The Towson University career leader in saves racked up 35 strikeouts and only six walks in 26.1 innings during his professional debut. Along the way, he picked up his first pro save while finishing 11 games for the Batavia Muckdogs.
In his last 10 appearances on the season, he allowed only one earned run while striking out 22 in 12.2 innings. Over his last 9.2 innings, he did not issue a walk.
With the third most appearances on the team, he posted a BB/9 mark of just over two while holding opponents to a .220 average. On a team chock full of control artists, he held his own with a strikeout-to-walk ratio of 5.83-to-1.
Of the batters he faced, 33.7% were relegated to the bench shaking their head after falling victim to another Squatrito strikeout.
He ranked 12th in the New York-Penn League in K/9 with 11.96 and ERA of those pitchers with at least 20 innings pitched. His FIP of 0.02 was the fourth best mark in the league.
Recently, Josh was kind enough to talk about his first season in professional baseball.
Dustin Mattison: First off, Congratulations on being named the Scout.com Cardinals Rookie Reliever of the Year.
Josh Squatrito: Thanks, Dustin.
DM: Now that your first season is complete, can you compare the pitcher you were when you first made it to Batavia to the pitcher you are now.
JS: When I first got to Batavia I had no idea what pro ball would be like. To be honest, it was tiring at first. I was inexperienced. But as the season grew, so did I. Now, I am much smarter and more confident in my stuff.
DM: What does it mean to you that your manager Mark DeJohn called you the team's most improved player?
JS: Being considered the most improved player means a lot. Looking back on how hard it was for me just to get to pro ball shows what kind of work ethic I have. This is what I want to do for a living, and improving everyday is a must.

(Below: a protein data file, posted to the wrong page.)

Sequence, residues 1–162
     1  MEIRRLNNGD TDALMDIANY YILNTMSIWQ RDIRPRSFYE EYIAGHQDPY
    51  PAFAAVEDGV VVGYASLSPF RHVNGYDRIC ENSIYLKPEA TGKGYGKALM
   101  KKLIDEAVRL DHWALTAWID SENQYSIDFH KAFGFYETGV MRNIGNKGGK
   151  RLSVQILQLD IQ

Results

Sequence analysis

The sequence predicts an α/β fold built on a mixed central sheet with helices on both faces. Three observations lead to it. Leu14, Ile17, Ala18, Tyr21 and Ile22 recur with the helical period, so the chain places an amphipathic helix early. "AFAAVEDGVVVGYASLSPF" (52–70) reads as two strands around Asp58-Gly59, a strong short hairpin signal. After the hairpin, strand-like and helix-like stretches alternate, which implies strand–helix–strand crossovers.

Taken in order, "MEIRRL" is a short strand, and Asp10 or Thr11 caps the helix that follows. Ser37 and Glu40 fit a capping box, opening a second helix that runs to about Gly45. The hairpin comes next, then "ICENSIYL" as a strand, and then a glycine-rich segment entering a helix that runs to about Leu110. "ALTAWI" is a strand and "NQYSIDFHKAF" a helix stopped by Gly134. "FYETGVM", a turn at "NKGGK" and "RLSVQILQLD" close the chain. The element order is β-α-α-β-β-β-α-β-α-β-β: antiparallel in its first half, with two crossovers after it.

DM: Your manager also had this to say: "All of a sudden, this kid started throwing a little harder and he started spotting, locating his fastball like a big leaguer. He had a lot of strikeouts. He was just lights out when we would bring him in. He would get strikeouts just throwing his fastball and hitting corners. He would just keep doing it and keep the ball down. It was amazing." Can you put your finger a moment when everything came together?
JS: Everything came together after the advice from (Batavia pitching coach) Tim Leveque for me to go to the windup and use more momentum towards home plate. I was always confident in my fastball, but going back to the windup gave me more momentum and it allowed me to be more relaxed. This changed in an outing at Auburn early in the season where I threw two innings and had four strikeouts.
DM: What are you working on this winter?
JS: This winter I'm working on getting down to 210 lbs to be more prepared for a full season. When I start throwing again I need to work on my off-speed stuff, figure out either a consistent curveball or slider. This season I didn't use much off-speed but I know I need to in order to move up the ladder and pitch against more disciplined hitters.
DM: What are your goals for 2010?
JS: In 2010, I want to be on a full season squad. After that I want to just throw strikes and get people out. If I'm not throwing strikes, I won't have a chance to move up.
I thank Josh for his time and once again congratulate him on being the Cardinal Nation's Rookie Reliever of the Year.
David Kington was named an Appalachian League All-Star after posting a 2-1 record to go along with a 3.31 ERA. His eight saves paced the league.
Teammate Aaron Terry was even more dominant out of the bullpen than Kington. Terry finished with a record of 6-0 with six saves to his credit while holding his opponents to a 2.08 ERA. Along the way, he logged 36 strikeouts in 26 innings.
Note: To follow our entire series of Players of the Year at each level of the St. Louis Cardinals minor league system, check back here at The Cardinal Nation daily. To see the roster of winners and article schedule, click here.
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